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Gamer555
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Re: anyone know the answer to the pop quiz riddle?  
« Reply #25 on: Jul 31st, 2002, 5:50pm »
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I got it! Be the un-dealer, and bet lots of money, the first time, and double your bet each time. You will end up winning sometime, and win the same amount of money that you bet before (when you bet lots of money).
 
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anshil
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Re: anyone know the answer to the pop quiz riddle?  
« Reply #26 on: Jul 31st, 2002, 11:43pm »
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I believe that the Professor cannot actually fulfil his promise, in other words his constraints are mutually contradictory.  Just like trying to divide 1 by 0 and get an integer answer.
 
Juhu, somebody agreeing with me.  
 
Hmmm, can you thing about other examples with the same paradox, I have some classics, but they are a bit different, as you can just say these are invalid, in contrast of the professor ones.
 
"This sentence is false".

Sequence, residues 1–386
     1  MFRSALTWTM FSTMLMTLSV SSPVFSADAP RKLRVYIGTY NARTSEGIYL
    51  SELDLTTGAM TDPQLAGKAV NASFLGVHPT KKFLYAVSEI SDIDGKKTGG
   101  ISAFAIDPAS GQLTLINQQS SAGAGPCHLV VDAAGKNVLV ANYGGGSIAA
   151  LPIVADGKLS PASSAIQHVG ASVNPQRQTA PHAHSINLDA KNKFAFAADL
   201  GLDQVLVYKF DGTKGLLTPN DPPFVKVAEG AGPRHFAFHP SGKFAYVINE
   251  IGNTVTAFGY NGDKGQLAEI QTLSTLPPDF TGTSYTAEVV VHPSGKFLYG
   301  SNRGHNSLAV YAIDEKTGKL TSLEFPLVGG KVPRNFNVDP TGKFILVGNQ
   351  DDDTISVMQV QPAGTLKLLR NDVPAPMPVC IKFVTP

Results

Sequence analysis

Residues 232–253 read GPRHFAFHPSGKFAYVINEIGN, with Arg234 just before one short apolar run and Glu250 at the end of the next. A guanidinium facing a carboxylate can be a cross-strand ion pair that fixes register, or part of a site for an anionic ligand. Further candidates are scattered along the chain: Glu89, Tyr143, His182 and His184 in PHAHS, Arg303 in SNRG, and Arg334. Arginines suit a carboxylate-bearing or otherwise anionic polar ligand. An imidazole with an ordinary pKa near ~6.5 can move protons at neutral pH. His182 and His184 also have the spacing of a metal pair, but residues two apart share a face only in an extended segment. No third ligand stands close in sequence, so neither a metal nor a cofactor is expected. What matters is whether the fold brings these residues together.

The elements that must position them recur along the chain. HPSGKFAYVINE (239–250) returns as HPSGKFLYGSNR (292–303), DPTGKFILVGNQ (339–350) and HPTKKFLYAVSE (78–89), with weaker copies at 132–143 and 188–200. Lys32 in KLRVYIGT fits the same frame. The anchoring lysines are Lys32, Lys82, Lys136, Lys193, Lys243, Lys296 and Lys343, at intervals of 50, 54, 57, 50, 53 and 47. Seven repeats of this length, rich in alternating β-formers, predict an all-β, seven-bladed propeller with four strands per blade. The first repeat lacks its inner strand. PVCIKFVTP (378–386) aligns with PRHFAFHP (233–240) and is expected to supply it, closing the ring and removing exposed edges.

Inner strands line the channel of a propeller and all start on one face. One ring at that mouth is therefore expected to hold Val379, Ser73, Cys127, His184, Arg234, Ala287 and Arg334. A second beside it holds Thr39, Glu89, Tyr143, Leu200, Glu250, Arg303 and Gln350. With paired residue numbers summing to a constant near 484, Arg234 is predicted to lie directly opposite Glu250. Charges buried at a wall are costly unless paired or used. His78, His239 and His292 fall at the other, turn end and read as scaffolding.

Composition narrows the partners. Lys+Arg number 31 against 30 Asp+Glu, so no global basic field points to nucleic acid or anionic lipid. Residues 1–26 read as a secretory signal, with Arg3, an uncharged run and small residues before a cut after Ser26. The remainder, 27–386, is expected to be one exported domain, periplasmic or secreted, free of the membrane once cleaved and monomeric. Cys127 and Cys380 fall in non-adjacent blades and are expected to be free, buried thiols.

Sign on a bus station: "The last bus will not drive".
 
"The barber in a certain village is a man who shaves all and only those men in the village who do not shave themselves."
 
However these are not the kind of paradoxes I'm really interested in. I'm interested in other situations similar than the professors when a sentence cannot be valid or invalid at all. Like "There is a surprise quiz tomorrow". (If you judge the sentence as invalid, you're suprised tomorrow by the quiz, so it was actually valid.)
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aliks
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Re: anyone know the answer to the pop quiz riddle?  
« Reply #27 on: Aug 1st, 2002, 10:32am »
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Like everyone has been saying the flaw in the students logic is that the students are assuming "surprise" means  "you will never be able to predict the day of the quiz" (which they prove the professor cannot do) as opposed to just "you can't say right now which day I will choose"
 
You can see the difference if you look at the card game I suggested above.  If the player has to predict in advance which card is the jack, he stands little chance even if he knows that the dealer is placing the jack at random among the first 6.
 
However, the dealer must have a strategy for placing the jack that withstands the player turning a single card over, or two cards or even 6 cards and this is what makes life hard for the dealer.  On top of this the game can be repeated so the dealer strategy may become obvious.